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24th June 2020

Relief for some pubs, but others can’t open

Some pubs able to reopen with limited trade, which is welcome, but many pubs can’t – Government must now act to save thousands of pubs

The Prime Minister has today announced that pubs, bars, cafes and restaurants can re-open, with restrictions, on Saturday 4th July – something that allows some pubs to open, which is welcome, but many others will struggle and require ongoing support from the Government and sector.

The reopening is subject to a 1 metre social distancing limit plus a ban on bar service.  Some pubs will therefore be opening again, which is a great relief where they can do so (for licensees and customers) but others won’t or actually can’t open under the restrictions, depending on their layout – and face closure as a result. So whilst welcoming the fact that some pubs will be able to trade and serve their communities, the Campaign for Pubs have called for support to save thousands of pubs, until trading gets back to normal post Covid-19. Licensees and brewers are also making clear that 11 days notice is simply not enough – especially with the Government now expecting pubs to collect customer data.

The Prime Minister’s announcement also stated that bar service is banned, something that is of course standard in all pubs, and that pubs can only operate table service. The announcement also stated that the Government are expecting pubs to collect customer data, and have pledged to help pubs to do so. The details of this help need to be released very urgently, because with some pubs set to open in just 11 days, the unprecedented task of such data collection and management may prove an insurmountable burden on small businesses that have already had to invest in alterations to allow opening in reduced trade. There is still a lack of clarity over a number of things including whether licensing restrictions will be eased to allow outdoor service and use of all available spaces to make it more possible to trade viably.

The 11-day notice is also unfair to independent brewers, many of whom asked for longer to be able to brew and supply pubs, which puts them at a unfair disadvantage compared to the large and global breweries.

The Campaign for Pubs, the national grassroots campaign to promote, support and protect pubs, published 10 Points to Save Pubs – #10PointstoSavePubs last week- ten key calls to the Government and the pub sector to help pubs and publicans and to prevent many pub closures.  The first two calls – for an immediate announcement confirming reopening plans and for the social distancing rule to be dropped to 1 metre from 2 metres has now been met but with no clear guidance on key things such as customer data collection or liability. The Campaign for Pubs are making clear that this guidance is needed now and that a proper package of support is now needed, with pubs facing reduced trade and some unable to trade viably at all.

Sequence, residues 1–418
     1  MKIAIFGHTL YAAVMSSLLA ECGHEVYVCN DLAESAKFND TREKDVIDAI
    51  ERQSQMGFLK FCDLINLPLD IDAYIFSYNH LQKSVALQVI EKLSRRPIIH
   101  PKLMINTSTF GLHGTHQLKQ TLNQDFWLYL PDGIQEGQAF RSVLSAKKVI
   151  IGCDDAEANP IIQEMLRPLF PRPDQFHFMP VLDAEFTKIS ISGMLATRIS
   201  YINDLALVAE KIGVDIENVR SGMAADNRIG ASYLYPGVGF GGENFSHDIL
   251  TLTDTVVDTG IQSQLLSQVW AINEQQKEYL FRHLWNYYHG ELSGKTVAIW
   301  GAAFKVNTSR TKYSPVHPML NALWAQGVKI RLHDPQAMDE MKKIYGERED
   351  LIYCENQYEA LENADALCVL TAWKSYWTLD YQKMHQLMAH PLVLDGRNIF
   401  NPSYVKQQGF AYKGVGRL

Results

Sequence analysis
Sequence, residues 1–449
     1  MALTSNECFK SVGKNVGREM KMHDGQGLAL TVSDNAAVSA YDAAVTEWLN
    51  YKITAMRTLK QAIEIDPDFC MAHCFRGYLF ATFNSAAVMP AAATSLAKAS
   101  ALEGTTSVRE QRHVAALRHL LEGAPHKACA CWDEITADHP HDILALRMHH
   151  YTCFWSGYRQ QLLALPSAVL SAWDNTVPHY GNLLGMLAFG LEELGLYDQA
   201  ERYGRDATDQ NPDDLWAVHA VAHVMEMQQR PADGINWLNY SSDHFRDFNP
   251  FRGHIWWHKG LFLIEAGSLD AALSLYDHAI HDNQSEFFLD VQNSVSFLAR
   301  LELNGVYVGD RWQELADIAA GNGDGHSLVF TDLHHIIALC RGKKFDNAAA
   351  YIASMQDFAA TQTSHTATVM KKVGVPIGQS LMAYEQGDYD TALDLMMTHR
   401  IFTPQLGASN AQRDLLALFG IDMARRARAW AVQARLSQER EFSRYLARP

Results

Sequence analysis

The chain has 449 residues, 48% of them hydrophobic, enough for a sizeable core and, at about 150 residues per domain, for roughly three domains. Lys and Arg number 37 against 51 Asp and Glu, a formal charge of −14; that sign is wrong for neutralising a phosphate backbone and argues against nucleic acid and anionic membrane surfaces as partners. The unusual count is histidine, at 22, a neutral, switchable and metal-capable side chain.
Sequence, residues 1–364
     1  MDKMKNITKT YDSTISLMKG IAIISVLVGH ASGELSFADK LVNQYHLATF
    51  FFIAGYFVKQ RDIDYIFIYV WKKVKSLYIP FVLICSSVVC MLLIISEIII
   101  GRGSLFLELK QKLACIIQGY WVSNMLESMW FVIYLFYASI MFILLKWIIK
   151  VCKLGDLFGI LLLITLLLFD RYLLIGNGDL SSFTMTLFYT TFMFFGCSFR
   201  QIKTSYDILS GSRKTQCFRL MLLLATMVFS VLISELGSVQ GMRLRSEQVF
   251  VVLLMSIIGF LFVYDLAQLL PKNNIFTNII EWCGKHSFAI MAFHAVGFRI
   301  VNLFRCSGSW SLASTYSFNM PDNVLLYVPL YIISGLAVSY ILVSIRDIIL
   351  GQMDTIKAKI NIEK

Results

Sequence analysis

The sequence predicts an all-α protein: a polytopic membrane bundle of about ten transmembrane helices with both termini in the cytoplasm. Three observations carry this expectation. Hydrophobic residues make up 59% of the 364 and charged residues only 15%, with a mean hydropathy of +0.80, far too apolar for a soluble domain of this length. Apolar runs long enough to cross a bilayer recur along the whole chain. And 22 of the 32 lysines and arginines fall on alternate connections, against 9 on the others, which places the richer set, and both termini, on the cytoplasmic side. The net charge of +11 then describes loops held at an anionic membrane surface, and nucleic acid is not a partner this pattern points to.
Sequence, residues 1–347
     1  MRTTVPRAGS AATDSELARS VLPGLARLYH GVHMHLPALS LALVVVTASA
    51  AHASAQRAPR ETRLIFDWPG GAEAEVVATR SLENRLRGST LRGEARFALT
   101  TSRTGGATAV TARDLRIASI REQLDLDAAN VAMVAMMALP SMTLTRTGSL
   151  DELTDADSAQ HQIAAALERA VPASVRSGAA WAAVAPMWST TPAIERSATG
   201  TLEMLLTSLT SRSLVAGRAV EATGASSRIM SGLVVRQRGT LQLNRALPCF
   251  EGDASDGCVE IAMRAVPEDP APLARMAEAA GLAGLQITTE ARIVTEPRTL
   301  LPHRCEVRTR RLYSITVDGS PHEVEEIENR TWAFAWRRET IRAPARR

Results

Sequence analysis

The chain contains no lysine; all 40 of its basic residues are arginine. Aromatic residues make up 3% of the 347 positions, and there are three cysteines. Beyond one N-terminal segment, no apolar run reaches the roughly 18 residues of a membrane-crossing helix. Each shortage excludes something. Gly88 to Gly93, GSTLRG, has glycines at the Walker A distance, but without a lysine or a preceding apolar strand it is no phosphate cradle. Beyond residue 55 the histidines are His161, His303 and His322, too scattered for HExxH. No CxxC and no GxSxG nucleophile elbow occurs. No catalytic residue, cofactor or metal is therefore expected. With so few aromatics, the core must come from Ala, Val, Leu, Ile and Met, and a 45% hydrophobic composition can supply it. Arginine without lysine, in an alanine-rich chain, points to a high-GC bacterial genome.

The 10 Points to Save Pubs calls for a rent-free period for all pubs and a statutory right to a rent review for all pub tenants, all of whom will be facing restrictions on their ability to trade. It also calls for 5% VAT for 12 months to help pubs and the hospitality and tourism sectors get back on their feet.  Further, it requests the Government to announce hugely overdue business rates reform to commence by April 2021, and for business rate relief for pubs until a new system comes in. In addition, with pubs now facing the very real threat that property owners and large pubcos will look to close and redevelop many pubs at this difficult time, a 12-month moratorium on all change of use for pubs is called for to protect and preserve valued community locals up and down the country. This is especially vital considering the very worrying recent news that the Government is considering moving to a “zonal” planning system where key decisions are taken away from local councils and handed to development corporations, something which is strongly opposed by the Campaign for Pubs. Following such a moratorium, the Campaign for Pubs are campaigning for meaningful planning reform to stop viable and wanted pubs being converted, developed or demolished.

The full list of the 10 Points to Save Pubs is: 

  1. definite date for opening – now delivered
  1. Social distancing of 1 metre – now delivered
  1. Clear full guidance for pubs and insurance companies – not yet delivered – pubs need real clarity about any physical infrastructure requirements, and also about specific responsibilities and liability issues, so that they can be properly insured under fair policies which will be honoured
  1. Relaxation of licensing restrictions where extra spaces would help smaller pubs operate more viably and safely – not confirmed